Perched, a red-winged blackbird watching me,
its fencepost newly staked, bark on, topside down.

At arm’s length, rusted fence pliers bounce along a span of wire.
One. Two. Three. “Hemlock, see, twists over time—”
that’s Cunningham’s voice, “stretches the wire.
Set one post wrong-way-to and it’ll sag right there.”

Came a day I read Seamus Heaney
and with newfound pride—my own name
and that red-winged blackbird there,
down Vernon River way.


Seamus Heaney wrote a fabulous poem titled St. Kevin and the Blackbird.


Here he is: Bob Cunningham. Bob passed on 24 Feb., 2016


Standing.  Alone.
A yellow sky.  A shudder, grind
And hesitation of the earth.
Below, black seas heave and sigh
Against a scar of land.
Night.  Yellow sky remains.
Arc and flicker.
I breathe.  Night fades.
A shallow breath.
Acid rain falls gently.


Pangaea: Proto-continent existing hundreds of millions of years ago eventually breaking into two continental masses, Gondwana & Laurasia. Gondwana: made up of areas now Africa, most of Australia, India, South America & Antarctica.   Laurasia: North America, Greenland, Europe & Asia north of the Himalayas.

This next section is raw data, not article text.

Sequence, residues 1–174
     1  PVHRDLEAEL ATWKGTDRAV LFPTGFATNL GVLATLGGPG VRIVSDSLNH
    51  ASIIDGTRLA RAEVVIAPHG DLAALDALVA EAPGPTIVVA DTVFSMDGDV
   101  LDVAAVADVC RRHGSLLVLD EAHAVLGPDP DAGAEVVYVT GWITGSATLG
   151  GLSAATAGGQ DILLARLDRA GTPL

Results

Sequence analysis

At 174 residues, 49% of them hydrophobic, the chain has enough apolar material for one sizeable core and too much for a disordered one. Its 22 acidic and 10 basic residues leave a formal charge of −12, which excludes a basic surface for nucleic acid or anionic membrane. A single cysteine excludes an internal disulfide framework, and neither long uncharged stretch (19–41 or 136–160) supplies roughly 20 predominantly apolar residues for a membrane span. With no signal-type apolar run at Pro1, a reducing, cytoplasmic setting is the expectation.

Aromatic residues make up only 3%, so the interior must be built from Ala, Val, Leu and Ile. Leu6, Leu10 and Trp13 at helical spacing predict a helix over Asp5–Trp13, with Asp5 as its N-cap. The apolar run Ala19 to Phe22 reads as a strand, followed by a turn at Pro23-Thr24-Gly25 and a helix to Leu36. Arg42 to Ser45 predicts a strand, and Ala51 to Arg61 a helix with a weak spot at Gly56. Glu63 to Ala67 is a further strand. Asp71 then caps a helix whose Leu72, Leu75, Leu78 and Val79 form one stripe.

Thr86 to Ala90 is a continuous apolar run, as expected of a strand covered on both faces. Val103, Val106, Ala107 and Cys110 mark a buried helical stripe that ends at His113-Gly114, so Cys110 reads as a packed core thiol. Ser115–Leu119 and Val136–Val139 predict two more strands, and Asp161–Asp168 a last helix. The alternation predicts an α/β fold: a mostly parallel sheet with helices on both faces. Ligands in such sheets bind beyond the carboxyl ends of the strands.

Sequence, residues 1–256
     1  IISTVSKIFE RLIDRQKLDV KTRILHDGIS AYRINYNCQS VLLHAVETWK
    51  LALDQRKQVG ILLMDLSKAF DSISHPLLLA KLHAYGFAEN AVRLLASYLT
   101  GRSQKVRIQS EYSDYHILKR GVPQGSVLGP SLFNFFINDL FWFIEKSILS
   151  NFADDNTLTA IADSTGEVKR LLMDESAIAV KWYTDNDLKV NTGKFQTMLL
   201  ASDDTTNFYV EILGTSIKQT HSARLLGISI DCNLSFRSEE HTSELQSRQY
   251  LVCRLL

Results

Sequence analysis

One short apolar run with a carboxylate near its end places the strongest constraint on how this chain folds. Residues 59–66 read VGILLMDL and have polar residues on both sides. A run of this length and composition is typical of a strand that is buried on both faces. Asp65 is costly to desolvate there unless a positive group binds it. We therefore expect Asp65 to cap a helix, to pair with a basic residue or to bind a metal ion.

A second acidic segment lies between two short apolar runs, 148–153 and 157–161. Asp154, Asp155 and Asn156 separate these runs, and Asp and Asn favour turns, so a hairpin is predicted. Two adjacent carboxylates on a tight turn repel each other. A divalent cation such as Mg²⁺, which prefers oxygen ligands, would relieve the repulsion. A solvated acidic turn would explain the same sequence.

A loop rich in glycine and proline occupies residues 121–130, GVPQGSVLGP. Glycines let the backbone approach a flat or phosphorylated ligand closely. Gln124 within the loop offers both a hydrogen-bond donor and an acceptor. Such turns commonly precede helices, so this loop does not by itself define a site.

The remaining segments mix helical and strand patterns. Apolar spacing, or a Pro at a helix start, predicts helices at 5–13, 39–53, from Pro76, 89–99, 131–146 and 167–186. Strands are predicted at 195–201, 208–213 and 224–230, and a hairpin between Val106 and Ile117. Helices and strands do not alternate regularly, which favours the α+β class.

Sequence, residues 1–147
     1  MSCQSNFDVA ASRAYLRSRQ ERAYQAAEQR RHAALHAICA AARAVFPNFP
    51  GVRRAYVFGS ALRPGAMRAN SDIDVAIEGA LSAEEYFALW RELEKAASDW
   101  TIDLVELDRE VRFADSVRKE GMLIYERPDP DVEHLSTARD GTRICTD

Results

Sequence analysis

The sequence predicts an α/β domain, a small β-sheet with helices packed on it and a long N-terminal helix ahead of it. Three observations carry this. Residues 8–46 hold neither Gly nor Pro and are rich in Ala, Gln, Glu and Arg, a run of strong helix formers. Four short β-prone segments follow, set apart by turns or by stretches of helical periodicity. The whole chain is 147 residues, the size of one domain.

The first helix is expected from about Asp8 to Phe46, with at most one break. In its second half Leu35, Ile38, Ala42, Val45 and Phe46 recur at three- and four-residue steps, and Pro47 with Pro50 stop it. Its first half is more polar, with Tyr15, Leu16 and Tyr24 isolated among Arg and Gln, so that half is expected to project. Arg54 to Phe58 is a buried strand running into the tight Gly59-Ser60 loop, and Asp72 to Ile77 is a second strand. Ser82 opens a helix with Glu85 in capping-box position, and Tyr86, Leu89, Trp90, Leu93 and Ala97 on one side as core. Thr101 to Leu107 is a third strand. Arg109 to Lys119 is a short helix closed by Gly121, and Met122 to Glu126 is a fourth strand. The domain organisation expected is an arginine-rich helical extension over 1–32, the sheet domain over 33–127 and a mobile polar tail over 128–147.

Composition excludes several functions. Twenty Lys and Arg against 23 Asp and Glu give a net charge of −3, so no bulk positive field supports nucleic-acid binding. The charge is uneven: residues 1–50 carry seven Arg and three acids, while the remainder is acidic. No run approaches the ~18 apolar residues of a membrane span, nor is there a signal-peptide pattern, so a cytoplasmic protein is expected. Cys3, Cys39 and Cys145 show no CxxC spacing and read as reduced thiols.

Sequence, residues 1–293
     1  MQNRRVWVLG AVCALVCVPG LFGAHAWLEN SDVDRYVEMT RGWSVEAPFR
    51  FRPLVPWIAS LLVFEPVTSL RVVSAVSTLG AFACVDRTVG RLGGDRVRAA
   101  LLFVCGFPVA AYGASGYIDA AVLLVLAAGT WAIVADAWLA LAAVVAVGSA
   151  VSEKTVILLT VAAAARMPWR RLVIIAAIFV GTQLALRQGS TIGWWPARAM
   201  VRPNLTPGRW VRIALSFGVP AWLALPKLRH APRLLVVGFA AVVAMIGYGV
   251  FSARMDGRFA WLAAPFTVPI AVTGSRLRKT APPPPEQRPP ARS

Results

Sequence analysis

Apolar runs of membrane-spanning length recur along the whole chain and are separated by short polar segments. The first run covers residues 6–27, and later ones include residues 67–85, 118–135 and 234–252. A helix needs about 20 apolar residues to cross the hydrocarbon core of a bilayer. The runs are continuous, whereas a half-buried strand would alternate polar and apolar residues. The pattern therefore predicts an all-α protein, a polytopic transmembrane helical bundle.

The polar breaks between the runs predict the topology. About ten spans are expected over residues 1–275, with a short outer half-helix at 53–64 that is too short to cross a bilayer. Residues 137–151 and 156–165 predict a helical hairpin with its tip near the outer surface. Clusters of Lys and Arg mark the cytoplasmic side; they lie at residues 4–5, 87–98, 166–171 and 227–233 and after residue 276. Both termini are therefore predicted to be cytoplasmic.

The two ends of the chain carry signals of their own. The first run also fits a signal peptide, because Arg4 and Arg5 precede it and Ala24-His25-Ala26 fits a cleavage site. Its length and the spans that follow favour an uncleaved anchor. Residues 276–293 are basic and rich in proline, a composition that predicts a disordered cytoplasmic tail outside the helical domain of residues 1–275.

I put myself there, at the sundering.

Published in: “souls arriving” 2006: “Letter to the White Imbongi” 2013: “3201 e’s” 2018

Hymn of the Fallen Tree

Let me rest among these giant souls that stand
where trees once stood.

Here, greens break into blacky-blues and dragonflies
and dusts of beetle dung grow old withal.

Let me rest among the salmonberry and the tumblewood
of cotton, ash and hemlock, fir and cedar.

And let the wind stir of pine above the fall reawaken me
in early greens and sapling dress, anon.


This poem is an allegory. Published in: “souls arriving” 2006 as title “Tumblewood”: “Between Music and Dance” 2013: “Letter to the White Imbongi” 2013: “The Footprint Press” 2014: “3201 e’s” 2018.